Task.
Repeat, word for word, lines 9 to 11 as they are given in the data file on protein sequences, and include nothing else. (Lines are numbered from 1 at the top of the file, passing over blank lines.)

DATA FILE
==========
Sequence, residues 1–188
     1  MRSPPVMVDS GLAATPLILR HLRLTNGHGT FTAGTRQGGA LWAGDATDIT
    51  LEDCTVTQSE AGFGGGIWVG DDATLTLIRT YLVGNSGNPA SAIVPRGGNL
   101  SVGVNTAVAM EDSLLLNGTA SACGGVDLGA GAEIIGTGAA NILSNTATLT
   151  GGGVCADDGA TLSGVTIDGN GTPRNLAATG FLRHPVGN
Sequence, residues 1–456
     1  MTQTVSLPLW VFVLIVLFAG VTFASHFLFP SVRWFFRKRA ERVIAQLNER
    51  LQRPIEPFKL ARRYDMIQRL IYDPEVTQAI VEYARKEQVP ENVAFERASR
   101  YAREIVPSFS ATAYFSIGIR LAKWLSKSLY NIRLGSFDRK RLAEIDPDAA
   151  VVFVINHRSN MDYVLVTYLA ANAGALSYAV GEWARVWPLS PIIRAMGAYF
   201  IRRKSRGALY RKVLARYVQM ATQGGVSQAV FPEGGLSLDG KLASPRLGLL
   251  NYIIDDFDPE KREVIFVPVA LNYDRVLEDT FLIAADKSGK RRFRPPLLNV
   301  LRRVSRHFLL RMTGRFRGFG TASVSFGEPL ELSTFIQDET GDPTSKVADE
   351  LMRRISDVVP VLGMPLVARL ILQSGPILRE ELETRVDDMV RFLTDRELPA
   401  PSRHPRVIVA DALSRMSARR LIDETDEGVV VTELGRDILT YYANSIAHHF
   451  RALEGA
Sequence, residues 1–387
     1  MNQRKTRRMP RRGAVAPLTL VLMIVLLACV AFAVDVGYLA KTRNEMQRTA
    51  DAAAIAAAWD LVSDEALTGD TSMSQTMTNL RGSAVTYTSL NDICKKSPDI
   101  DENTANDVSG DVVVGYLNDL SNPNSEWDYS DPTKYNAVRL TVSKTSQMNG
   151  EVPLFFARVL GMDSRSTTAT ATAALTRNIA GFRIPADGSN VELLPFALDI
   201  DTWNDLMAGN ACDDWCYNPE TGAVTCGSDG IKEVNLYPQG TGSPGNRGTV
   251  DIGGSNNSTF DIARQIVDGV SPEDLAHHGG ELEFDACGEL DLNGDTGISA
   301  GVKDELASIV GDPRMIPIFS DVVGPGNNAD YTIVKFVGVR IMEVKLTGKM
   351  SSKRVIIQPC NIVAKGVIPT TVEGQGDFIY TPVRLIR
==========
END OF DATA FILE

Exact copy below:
   101  YAREIVPSFS ATAYFSIGIR LAKWLSKSLY NIRLGSFDRK RLAEIDPDAA
   151  VVFVINHRSN MDYVLVTYLA ANAGALSYAV GEWARVWPLS PIIRAMGAYF
   201  IRRKSRGALY RKVLARYVQM ATQGGVSQAV FPEGGLSLDG KLASPRLGLL